When it comes to sustainability, you might know Germany best for its renewable energy ambitions and efforts to reduce carbon pollution. While these initiatives have been largely driven by government and researchers, a team of budding entrepreneurs is looking to get in on the action, too. Aiming to open this (northern summer), Original Unverpackt will be Germany's first package-free supermarket.

The start-up is led by Sara Wolf and Miena Glimbovski who, after becoming disillusioned with the amount of plastic involved in big supermarket shopping, dropped out of university and set about removing it from the experience altogether. The project has been in the works for around two years, and with a hugely successful crowdfunding campaign soon drawing to a close, the team is preparing to fling open the doors on what it hopes will be a clean shopping revolution.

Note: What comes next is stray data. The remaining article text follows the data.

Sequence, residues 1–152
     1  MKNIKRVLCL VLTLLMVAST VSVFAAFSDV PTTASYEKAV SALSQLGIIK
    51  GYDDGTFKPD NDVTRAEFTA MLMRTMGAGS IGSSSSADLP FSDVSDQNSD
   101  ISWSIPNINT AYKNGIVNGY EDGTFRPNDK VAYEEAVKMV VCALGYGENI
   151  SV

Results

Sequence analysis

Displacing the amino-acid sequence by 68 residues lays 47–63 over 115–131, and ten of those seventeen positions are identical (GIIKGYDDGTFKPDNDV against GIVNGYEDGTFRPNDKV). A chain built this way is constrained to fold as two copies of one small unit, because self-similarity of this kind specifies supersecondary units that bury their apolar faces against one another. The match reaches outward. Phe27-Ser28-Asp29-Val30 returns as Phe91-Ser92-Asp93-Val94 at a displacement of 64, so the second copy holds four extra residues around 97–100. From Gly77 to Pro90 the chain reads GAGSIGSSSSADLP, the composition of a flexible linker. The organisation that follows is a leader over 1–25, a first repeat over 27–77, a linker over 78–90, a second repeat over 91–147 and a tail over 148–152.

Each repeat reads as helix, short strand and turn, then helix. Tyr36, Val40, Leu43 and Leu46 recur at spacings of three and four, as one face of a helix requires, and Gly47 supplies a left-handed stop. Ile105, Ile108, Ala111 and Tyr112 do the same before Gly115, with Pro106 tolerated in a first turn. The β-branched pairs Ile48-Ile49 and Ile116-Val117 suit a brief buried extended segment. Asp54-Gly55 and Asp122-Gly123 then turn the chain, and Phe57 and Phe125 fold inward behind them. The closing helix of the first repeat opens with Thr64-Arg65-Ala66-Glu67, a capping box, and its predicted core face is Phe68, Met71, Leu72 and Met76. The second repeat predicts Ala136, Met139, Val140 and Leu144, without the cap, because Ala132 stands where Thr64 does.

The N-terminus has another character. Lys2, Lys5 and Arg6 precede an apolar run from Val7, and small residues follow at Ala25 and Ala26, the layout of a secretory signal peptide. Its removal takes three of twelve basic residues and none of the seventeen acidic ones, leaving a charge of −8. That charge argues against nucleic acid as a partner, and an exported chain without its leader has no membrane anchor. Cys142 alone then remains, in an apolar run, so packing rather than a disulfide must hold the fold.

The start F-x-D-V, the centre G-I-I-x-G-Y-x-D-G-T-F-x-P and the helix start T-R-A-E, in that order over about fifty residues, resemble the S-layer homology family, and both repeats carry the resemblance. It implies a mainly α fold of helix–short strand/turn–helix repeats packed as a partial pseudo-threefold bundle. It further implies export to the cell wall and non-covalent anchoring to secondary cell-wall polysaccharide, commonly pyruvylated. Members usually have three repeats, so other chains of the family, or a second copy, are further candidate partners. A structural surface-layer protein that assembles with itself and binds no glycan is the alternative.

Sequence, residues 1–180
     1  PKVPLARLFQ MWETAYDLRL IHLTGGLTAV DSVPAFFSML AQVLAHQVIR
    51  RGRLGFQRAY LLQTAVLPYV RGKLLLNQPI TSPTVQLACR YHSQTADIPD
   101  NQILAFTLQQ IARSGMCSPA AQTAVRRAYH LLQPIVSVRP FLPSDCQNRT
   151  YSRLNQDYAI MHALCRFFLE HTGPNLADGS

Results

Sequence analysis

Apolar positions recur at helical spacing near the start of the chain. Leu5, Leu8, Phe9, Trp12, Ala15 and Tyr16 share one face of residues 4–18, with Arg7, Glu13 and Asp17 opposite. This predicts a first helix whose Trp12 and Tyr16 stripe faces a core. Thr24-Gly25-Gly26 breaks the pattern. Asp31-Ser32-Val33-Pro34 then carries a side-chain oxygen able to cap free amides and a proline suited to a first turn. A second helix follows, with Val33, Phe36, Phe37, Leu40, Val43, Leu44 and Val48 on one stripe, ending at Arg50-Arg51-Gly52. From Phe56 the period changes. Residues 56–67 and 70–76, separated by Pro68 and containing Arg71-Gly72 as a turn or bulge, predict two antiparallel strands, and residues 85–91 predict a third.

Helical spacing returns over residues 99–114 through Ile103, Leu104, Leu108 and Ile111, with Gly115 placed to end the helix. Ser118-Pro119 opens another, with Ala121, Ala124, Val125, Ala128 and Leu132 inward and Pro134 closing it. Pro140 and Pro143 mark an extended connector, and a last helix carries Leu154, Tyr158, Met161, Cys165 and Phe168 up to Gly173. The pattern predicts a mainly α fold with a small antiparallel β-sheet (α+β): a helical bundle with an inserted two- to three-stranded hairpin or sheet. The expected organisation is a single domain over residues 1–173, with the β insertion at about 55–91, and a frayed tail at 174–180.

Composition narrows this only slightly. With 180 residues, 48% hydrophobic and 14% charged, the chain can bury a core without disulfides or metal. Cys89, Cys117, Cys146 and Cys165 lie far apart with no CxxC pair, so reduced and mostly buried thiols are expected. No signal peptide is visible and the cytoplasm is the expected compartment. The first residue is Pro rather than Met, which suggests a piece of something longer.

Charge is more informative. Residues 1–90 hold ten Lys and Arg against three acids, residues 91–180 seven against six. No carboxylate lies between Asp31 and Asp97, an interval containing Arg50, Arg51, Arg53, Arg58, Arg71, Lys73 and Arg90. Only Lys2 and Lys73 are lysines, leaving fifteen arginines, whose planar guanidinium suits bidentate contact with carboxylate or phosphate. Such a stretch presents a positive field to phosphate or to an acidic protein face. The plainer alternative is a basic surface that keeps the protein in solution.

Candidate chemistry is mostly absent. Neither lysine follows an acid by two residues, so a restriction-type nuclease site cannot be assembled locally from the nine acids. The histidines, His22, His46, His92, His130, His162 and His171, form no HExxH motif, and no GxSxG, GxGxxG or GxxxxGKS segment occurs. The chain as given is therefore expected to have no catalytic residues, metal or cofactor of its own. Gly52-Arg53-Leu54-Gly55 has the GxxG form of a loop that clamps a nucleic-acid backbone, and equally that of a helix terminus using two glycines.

To be located in Berlin's Friedrichshain Kreuzberg district, Original Unverpackt will sell food largely sourced from local suppliers as a means of reducing transportation costs and pollution. The products are then sold in bulk using gravity bins (upside-down containers with a lever where the user can decide exactly how much they need). Customers will bring their own containers to take the produce away, borrow reusable containers from the store or use bags made from recycled paper.

On offer will be organic goods, conventional, lower cost items and also non-food cleaning and cosmetic products. Every step of the supply chain is guided by the team's "Zero Waste" philosophy. This focuses on reducing the consumption of resources like water and oil, and chipping away at the 16 million tons of waste packaging that the company says is produced by Germany each year.

The team originally set out to raise €45,000 (around US$61,000) via the Startnext platform for its package-free supermarket. As of this writing, it has yielded more than double that with about another two weeks to run, indicating that many share the company's vision of making disposable packaging a thing of the past.

The (German language) pitch video can be viewed below.

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